Battle Against Breast Cancer

A friend of mine at the age of 32 developed breast cancer, she never had a mammogram, well because it's not recommended at a younger age but she found a lump and had it checked. She underwent surgery had a total mastectomy then a year later had the other breast removed. It's now been over 5 years, she has had implants and doing fine. 

Myths that surround breast cancer. Knowing the correct facts and what are the wrong ones.

One common myth is a lump in the breast automatically means it's cancer. This is not true. It is reported that eight out of ten lumps are not malignant. Some of the non-cancerous stuff found in the breasts are the following: fibroadenomas, cysts or a fibrocystic disease.

Another myth is men do not acquire breast cancer. Well, they do. That's why men also have to be attentive to any change in their breasts. Request an ultrasound, if a lump is noticed.

Can a mammogram trigger the widespread of breast cancer. This is not true. The pressure from this x-ray does not do a thing except detect if there is a suspicious growth within the breasts.

It has also been said that a history of breast cancer in the family means the woman will get it too. Not necessarily true, although those with history have greater risk. But every woman must still have a mammogram, just to check and rule out cancer. It is not a communicable disease.

It is important to know about the risk factors of breast cancer:

1. Having menstruated at an early age and going into late menopause

2. Eating food which has ample amount of saturated fat

3. Having a family which has a history of acquiring the disease

4. Getting pregnant at a late age or not getting pregnant at all

5. Having undergone estrogen replacement therapy

6. Being obese

7. Having had therapeutic irradiation for treatment of Hodgkins Disease

There are different types of breast cancer: ductal carcinoma in-situ (most common type of breast cancer), infiltrating ductal, medullary carcinoma, infiltrating lobular, tubular carcinoma, mucinous carcinoma and inflammatory breast cancer which is characterized by drastic breast skin changes (redness, thickening and dominance of the hair follicles).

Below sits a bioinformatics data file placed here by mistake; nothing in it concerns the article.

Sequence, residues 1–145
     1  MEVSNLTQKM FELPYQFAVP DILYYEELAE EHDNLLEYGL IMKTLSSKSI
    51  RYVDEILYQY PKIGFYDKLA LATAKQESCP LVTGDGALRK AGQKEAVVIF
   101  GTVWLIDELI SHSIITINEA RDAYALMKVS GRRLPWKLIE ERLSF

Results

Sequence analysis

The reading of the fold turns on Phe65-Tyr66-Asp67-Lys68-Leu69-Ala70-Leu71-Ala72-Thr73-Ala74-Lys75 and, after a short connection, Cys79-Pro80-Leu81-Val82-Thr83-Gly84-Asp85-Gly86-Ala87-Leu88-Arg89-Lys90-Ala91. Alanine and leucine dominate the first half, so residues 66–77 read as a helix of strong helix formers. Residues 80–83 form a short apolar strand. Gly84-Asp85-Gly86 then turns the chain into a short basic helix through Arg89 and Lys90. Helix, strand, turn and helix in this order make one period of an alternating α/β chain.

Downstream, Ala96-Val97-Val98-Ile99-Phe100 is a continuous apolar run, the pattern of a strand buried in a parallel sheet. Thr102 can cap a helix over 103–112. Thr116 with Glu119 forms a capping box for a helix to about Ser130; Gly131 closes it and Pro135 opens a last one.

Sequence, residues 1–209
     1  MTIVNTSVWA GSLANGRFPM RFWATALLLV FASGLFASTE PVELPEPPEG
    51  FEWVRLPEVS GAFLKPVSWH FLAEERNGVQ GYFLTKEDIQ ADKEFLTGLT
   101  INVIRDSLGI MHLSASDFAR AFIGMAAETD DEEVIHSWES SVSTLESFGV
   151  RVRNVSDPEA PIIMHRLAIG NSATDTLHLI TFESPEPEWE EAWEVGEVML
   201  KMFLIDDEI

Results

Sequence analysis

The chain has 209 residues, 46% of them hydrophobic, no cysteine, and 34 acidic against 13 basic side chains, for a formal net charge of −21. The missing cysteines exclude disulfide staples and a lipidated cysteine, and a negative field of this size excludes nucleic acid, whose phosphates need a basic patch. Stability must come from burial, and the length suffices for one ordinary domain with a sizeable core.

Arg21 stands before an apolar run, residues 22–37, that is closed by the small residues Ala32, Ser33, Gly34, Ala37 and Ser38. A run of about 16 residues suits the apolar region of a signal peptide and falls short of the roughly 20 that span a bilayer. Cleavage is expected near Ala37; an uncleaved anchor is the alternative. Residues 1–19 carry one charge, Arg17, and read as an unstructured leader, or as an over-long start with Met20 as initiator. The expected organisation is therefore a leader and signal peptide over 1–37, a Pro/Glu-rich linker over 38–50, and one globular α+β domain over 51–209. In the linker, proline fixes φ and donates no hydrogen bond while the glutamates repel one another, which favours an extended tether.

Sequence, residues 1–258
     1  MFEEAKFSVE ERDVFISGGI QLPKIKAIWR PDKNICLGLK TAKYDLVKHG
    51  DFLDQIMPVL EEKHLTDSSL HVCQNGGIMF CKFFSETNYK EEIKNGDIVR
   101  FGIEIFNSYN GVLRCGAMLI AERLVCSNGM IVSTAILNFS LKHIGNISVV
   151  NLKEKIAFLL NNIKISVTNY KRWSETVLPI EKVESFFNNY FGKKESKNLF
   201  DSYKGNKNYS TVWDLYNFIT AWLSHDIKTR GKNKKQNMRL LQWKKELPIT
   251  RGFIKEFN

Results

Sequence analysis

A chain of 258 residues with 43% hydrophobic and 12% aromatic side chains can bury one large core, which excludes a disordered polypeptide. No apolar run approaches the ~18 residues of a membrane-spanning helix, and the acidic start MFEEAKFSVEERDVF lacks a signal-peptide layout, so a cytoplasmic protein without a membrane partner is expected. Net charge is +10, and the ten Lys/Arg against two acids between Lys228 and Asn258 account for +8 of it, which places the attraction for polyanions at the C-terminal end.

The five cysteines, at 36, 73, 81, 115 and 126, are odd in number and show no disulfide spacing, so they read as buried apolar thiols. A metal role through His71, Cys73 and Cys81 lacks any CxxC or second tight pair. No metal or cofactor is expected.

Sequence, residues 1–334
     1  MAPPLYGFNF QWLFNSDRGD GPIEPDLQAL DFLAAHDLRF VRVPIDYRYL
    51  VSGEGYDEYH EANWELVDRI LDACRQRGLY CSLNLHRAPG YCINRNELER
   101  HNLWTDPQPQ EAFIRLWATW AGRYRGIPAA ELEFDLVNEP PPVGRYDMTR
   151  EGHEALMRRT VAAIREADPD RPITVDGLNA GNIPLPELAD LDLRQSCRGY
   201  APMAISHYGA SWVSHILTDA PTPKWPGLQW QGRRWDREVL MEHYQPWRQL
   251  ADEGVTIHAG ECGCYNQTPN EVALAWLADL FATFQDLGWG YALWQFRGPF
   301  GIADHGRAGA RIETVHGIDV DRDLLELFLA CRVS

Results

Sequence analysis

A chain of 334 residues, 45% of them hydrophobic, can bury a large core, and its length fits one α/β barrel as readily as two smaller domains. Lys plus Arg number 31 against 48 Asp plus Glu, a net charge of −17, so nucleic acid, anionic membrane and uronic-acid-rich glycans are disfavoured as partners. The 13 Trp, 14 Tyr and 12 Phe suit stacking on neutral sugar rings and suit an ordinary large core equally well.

Like any other cancer, the breast cancer undergoes changes.

Stage 0 is when there are abnormal cells in the lobule's lining. The presence does not really equate with cancer but it increases the risk. Taking a drug called tamoxifen may reduce the risk of breast cancer.

T1: Tumor is 2 cm or less in diameter

Stage 1 and 2 refer to the stages wherein cancer has already spread beyond the ducts or lobes. Stage 1 indicates that the tumor is just of insignificant size and cancer cells have not gone beyond the breast.

T2: Tumor is between 2 and 5 cm in diameter 2 means the cancer has spread to under the arms, particularly to the lymph nodes and the tumor is now bigger than 2 inches. Radiation therapy can be conducted or mastectomy, which means the breast will be removed and reconstructed. 

T3: Tumor is more than 5 cm in diameter

Stage 3 is advanced cancer wherein the tumor in the breast has grown immensely and the cancer has spread to tissues and lymph nodes near the breast. Chemotherapy, hormonal therapy, surgery and radiation therapy may be administered.

T4: Tumor is any size, has attached itself to the chest wall and spread to the pectoral (chest) lymph nodes

Stage 4 is called metastatic cancer. Radiation and surgery may be used as treatments.

Breast cancer can be fought and those who have it can win against it. Hollywood celebs even gather together for the Pink Ribbon, a movement to fight breast cancer. So women of the world, let's go and fight!

T: Tumor Size T followed by a number describes the tumor's size and whether it has spread to the skin or chest wall under the breast. Higher T numbers indicate a larger tumor and/or more extensive spread to tissues surrounding the breast